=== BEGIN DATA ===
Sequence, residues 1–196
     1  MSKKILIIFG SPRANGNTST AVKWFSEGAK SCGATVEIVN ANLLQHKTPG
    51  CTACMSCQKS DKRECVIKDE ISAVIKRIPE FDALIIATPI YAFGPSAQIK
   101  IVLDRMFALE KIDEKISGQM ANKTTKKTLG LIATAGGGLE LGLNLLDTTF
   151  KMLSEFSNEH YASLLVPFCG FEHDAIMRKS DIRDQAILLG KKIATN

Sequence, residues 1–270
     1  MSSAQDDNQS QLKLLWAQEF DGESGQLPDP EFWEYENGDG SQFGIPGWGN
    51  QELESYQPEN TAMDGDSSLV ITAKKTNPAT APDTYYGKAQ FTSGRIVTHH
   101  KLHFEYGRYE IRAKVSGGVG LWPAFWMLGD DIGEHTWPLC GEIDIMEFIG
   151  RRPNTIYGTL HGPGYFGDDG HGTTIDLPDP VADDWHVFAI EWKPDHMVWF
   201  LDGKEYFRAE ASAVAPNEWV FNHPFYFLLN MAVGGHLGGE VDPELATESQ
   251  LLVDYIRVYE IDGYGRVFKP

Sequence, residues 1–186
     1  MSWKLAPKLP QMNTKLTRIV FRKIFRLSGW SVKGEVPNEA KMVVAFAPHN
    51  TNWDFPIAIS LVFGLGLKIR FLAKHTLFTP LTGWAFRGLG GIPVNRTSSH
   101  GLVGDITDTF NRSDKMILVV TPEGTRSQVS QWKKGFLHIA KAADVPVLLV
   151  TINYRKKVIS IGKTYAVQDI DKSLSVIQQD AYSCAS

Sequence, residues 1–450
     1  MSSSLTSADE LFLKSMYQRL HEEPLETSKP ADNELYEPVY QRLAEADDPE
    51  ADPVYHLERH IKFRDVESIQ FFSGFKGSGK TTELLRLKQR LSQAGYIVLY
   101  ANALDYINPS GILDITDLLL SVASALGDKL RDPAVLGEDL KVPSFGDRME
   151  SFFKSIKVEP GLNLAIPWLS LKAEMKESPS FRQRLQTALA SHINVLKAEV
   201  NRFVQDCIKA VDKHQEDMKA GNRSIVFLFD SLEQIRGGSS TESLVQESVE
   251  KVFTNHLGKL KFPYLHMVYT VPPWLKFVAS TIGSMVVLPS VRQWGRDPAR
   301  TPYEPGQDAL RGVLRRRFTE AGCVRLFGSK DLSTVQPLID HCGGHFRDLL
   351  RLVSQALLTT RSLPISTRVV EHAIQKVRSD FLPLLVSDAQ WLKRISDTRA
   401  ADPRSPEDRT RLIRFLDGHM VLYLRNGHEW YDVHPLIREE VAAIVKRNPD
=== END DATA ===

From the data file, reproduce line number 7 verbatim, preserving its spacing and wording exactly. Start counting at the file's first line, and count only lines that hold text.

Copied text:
     1  MSSAQDDNQS QLKLLWAQEF DGESGQLPDP EFWEYENGDG SQFGIPGWGN